University of Tennessee at Chattanooga
Place of Publication
The unprecedented nature of the COVID-19 pandemic implores consideration for how the psychopathological constructs the fear of missing out, anxiety, and loneliness are affected within this context (Liverant et al., 2004; Rajkumar, 2020). These mental well-being variables also all appear in association with social media (Hunt et al., 2018; Caplan, 2007). While previous research has explored the initial impacts of the pandemic on mental well-being (Wang, Pan et al., 2020; Bu et al., 2020), this research further examines the effect on college students’ mental well-being in the pandemic alongside social media usage. I hypothesize that levels of the fear of missing out, anxiety, and loneliness in college students will be higher during the COVID-19 pandemic than previous historical samples. I hypothesize that there will be a significant relationship between social media and these variables. I hypothesize that social media usage explains the variance in levels of the fear of missing out, anxiety, and loneliness in college students. Results of this study found increased levels of the fear of missing out, anxiety, and loneliness in college students. These variables also were strongly correlated between each other and social media. Social media usage only explained 11.8% of the variance in the fear of missing out and less for loneliness and anxiety, 7.1% and 4.8% respectively (p < 0.05). Social media is contributing to the issue, but the pandemic poses a much larger issue that might be weighing more heavily on students.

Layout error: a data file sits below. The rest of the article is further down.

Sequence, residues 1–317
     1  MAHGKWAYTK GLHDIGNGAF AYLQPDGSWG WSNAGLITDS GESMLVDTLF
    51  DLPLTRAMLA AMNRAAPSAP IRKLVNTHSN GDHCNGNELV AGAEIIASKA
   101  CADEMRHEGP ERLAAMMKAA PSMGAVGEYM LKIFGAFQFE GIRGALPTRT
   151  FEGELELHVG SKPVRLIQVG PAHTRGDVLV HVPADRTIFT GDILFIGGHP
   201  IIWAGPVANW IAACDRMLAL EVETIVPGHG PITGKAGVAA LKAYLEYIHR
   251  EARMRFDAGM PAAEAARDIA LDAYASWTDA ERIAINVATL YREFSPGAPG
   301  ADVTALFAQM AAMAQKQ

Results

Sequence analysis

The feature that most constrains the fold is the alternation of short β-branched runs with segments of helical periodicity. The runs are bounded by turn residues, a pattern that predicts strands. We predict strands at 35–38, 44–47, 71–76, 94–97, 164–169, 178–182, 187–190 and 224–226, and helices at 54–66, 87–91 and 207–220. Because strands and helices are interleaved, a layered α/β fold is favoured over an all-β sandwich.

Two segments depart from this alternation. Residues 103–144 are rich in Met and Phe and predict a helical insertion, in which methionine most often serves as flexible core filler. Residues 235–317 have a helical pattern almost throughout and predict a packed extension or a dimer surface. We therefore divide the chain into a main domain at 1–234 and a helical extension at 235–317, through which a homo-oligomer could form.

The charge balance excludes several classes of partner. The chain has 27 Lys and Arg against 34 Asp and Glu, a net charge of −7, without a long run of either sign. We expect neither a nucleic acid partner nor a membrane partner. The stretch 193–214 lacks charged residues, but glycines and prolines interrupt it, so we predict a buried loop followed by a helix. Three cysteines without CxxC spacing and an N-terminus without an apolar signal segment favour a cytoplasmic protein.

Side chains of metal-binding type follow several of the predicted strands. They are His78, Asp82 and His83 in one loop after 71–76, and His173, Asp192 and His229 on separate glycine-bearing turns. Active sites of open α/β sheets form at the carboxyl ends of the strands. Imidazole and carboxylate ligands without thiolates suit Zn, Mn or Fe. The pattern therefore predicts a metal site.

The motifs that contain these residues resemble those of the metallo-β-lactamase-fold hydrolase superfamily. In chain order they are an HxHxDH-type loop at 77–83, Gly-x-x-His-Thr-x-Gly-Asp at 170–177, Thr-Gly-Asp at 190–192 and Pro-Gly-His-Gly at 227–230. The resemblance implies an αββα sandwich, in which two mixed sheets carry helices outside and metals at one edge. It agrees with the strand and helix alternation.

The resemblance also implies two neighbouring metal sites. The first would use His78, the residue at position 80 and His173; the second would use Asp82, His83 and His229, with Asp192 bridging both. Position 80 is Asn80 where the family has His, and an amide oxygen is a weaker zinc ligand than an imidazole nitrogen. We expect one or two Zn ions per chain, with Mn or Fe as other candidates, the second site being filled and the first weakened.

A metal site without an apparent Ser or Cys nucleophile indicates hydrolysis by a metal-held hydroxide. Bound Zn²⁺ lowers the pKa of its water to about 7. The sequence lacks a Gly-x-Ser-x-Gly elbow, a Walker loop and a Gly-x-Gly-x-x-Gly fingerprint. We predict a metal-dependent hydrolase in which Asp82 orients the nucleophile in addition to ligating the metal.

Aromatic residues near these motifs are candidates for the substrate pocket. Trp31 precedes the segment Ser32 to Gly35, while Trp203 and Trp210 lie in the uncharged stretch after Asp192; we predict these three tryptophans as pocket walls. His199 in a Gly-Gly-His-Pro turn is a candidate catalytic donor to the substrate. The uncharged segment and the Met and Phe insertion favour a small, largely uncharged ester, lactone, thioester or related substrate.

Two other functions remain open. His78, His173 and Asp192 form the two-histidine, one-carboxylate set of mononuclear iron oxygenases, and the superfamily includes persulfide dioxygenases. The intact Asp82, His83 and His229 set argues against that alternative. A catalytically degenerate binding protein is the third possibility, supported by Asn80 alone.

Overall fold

Thank you Dr. Doyle for your continued support and encouragement. Thank you Dr. Howell for your gracious assistance.
B. S.; An honors thesis submitted to the faculty of the University of Tennessee at Chattanooga in partial fulfillment of the requirements of the degree of Bachelor of Science.
Anxiety; COVID-19 Pandemic, 2020-; Fear of missing out; Loneliness; Social media
Turner, Hannah, "The effects of the COVID-19 pandemic on the fear of missing out, anxiety, and loneliness" (2022). Honors Theses.